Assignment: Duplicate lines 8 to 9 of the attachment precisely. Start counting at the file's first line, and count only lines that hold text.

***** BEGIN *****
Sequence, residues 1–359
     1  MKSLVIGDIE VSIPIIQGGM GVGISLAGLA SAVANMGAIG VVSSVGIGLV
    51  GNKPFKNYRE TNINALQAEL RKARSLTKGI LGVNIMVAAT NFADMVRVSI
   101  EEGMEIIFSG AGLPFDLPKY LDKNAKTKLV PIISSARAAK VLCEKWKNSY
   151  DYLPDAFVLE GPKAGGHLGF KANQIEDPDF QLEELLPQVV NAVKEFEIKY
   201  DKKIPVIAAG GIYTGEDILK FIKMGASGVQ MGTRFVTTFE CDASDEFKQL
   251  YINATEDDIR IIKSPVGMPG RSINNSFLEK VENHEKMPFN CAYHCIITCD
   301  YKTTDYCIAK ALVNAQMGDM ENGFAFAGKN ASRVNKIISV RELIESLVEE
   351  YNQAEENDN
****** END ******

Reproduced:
   301  YKTTDYCIAK ALVNAQMGDM ENGFAFAGKN ASRVNKIISV RELIESLVEE
   351  YNQAEENDN